Funny tweets from Twins center fielder Denard Span yesterday regarding what he thought was his introduction to new shortstop Tsuyoshi Nishioka:
Funniest thingever happened today! I thought another player that was Asian on our team was nishi!! I asked him how his English was and [he] said “it’s great man, how r u?” then i looked at him like he was crazy… Then he was like I’m not nishi matter of fact I’m from Kansas city lol … I laughed but I was so embarrassed. He was a good sport about lol
Based on the Kansas City birth and the Asian appearance, I’m assuming Span was talking to non-roster invitee infielder Ray Chang.
Here’s a confession: I have a hard time telling ballplayers apart. No, not Asian ballplayers or Latino ballplayers or black ballplayers. Just ballplayers. I’m so conditioned from watching games on television to expect to see closeups of them with either their names on their jerseys or as a graphic underneath them — or, at the very least, with them standing at their position — that there are some non-superstars who have been around the game a long time that I probably couldn’t identify simply by looking at their face, even if they’re in uniform.
Out of context, even some bigger names might be difficult. If Chris Carpenter or C.J. Wilson sat down next to me at a bar, I’d probably not realize who they were, partially because of the improbability field created by a ballplayer sitting down next to me, probably because they’re out of uniform and thus all of the contextual clues are gone.
People are prone to suggestion, overt or otherwise. Span surely doesn’t know all of the Twins’ NRIs on the first day of camp. If he had been thinking “must meet our new Asian infielder,” and then saw Chang taking ground balls, it makes perfect sense that his brain would click “that’s Nishi.”
But still, that’s gotta be a kangaroo court fine, no?
(thanks to reader Pat McEnroe for the heads up)
Update (12:01 AM EDT): And it’s over. Yoenis Cespedes drove a ground ball single to right field with two outs in the seventh inning to end Rea’s no-hit bid.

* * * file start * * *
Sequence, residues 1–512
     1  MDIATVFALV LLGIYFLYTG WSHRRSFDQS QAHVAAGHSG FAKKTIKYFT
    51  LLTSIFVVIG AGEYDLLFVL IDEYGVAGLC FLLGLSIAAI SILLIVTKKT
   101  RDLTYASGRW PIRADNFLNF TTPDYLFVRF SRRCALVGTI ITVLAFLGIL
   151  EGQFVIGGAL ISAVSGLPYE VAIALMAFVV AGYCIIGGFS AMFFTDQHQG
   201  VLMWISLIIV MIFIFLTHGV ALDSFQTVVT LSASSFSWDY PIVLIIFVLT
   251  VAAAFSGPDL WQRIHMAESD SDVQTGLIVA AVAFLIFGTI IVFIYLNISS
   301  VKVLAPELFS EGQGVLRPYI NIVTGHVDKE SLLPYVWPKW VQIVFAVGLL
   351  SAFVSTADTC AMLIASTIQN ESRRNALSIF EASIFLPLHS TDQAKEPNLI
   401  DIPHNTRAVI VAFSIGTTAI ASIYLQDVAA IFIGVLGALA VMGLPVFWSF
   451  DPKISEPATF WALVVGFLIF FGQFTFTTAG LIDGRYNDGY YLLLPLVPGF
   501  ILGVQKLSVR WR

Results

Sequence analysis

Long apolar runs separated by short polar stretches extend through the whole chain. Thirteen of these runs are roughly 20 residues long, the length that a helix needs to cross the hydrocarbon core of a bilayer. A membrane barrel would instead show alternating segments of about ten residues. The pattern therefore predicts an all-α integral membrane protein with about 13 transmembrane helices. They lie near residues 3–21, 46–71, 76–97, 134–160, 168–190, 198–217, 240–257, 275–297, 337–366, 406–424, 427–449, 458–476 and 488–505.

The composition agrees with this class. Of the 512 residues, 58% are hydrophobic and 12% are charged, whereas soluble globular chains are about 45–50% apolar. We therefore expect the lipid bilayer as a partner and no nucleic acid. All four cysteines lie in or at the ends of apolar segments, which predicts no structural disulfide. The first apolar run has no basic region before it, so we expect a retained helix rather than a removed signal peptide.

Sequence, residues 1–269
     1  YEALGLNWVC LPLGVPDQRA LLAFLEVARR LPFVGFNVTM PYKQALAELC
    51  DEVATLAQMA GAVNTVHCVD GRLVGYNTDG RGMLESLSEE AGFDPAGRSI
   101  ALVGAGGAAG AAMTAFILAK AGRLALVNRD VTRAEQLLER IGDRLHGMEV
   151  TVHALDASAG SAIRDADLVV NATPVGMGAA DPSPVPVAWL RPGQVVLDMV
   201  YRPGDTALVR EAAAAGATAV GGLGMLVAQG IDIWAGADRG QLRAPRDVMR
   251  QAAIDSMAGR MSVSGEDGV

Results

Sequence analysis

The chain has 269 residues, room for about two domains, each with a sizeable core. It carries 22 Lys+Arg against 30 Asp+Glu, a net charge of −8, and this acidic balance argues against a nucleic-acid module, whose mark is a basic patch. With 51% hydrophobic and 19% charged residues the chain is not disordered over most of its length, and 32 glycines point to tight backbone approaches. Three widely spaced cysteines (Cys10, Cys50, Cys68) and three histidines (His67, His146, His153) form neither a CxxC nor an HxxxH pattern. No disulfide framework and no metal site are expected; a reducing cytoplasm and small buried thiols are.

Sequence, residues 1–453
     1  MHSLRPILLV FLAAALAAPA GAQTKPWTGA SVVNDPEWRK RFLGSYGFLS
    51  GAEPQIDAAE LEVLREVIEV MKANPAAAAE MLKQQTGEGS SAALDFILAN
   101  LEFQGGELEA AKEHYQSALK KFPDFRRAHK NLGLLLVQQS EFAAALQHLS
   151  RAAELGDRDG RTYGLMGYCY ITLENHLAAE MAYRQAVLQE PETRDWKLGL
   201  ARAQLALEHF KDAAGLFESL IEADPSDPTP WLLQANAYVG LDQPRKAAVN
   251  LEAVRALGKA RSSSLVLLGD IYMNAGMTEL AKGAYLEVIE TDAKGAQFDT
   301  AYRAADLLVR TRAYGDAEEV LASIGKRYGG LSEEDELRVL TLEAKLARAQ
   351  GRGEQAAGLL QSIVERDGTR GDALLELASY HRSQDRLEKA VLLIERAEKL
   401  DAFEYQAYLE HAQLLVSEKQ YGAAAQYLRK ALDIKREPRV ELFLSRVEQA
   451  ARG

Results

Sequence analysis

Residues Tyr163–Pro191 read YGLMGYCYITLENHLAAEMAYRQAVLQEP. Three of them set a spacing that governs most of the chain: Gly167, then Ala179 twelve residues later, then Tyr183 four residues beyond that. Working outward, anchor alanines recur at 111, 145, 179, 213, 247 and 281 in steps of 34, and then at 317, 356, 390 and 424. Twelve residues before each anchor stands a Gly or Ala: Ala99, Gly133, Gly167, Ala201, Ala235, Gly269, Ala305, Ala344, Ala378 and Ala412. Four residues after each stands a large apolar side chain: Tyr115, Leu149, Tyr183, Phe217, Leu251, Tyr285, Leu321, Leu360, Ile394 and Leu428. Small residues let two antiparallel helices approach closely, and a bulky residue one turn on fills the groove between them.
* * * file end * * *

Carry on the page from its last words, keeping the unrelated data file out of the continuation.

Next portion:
Padres starter Colin Rea has tamed the hot-hitting Mets lineup so far this Thursday night. The right-hander has walked only one, the lone batter above the minimum he has faced. Rea has also struck out three while accumulating 76 pitches.
The Padres’ offense provided Rea with five runs of support, scoring once in each of the first, second, and third, as well as twice in the sixth. Wil Myers smacked a solo homer off of Jacob deGrom in the first inning. Rea helped himself with an RBI single in the second, Alexei Ramirez brought in a run with a double in the third, Derek Norris drove a solo homer in the sixth, and Jon Jay shortly thereafter hit an RBI double.
The Mets entered play Thursday tied for the National League lead in home runs hit as a team with 40. Rea, meanwhile, came into Thursday’s action with a 4.61 ERA and a 22/13 K/BB ratio in 27 1/3 innings spanning five starts and one relief appearance.
If Rea is able to complete the job, he would become the first pitcher in Padres history to throw a no-hitter. Jake Arrieta threw the first no-hitter of the 2016 season on April 21 against the Reds.
We’ll keep you updated as Rea attempts to navigate through the final three innings.
Cubs outfielder Jason Heyward hasn’t played since Sunday due to a sore right wrist, but he’s hoping to be included in his team’s lineup on Friday, MLB.com’s Carrie Muskat reports. Matt Szucur, Ben Zobrist, and Kris Bryant have handled right field while Heyward has been out.
Heyward, 26, has gotten off to a disappointing start, as he’s batting .211/.317/.256 with only four doubles, no home runs, and 13 RBI in 104 plate appearances. He signed an eight-year, $184 million contract with the Cubs back in December.
Heyward said he hurt his wrist putting emphasis on it during hitting drills. He said, “I was doing some work off the tee and doing a drill with a donut on the bat, swinging, trying to stay through the middle, and I put more emphasis on [his wrist] and strained it from that.”
Cardinals shortstop Jhonny Peralta is expected to return from the disabled list in early June, which means current shortstop Aledmys Diaz would return to the bench. There’s only one problem: Diaz has been one of the best hitters in baseball. The 25-year-old owns a sparkling .381/.422/.679 triple-slash line with 14 extra-base hits (including five homers) in 90 plate appearances.
The Cardinals plan to get creative to keep Diaz’s bat in the lineup. Per Jon Morosi of FOX Sports, the club is considering using Peralta at first and third base. Peralta, 33, last played third base in 2010 with the Indians and Tigers. He has logged only three games and nine total defensive innings at first base in his major league career.
Diaz isn’t about to displace Peralta. Last season, Peralta was one of the best-hitting shortstops, finishing with a .275/.334/.411 triple-slash line with 17 home runs and 41 RBI in 640 plate appearances. He was even more productive in 2014, his first year with the Cardinals.
Athletics pitcher Chris Bassitt will undergo season-ending Tommy John surgery on Friday, MLB.com’s Jane Lee reports. He was diagnosed with a partially torn ulnar collateral ligament over the weekend, so this news doesn’t come as much of a surprise.
Bassitt, 27, is certainly out for the remainder of the 2016 season and will likely miss a sizable portion of the 2017 season as well. The right-hander made five starts for the A’s to begin the season, but put up an ugly 6.11 ERA with a 23/14 K/BB ratio in 28 innings.
Jesse Hahn took Bassitt’s spot in the Athletics’ starting rotation. Hahn is expected to start next on Saturday versus the Orioles.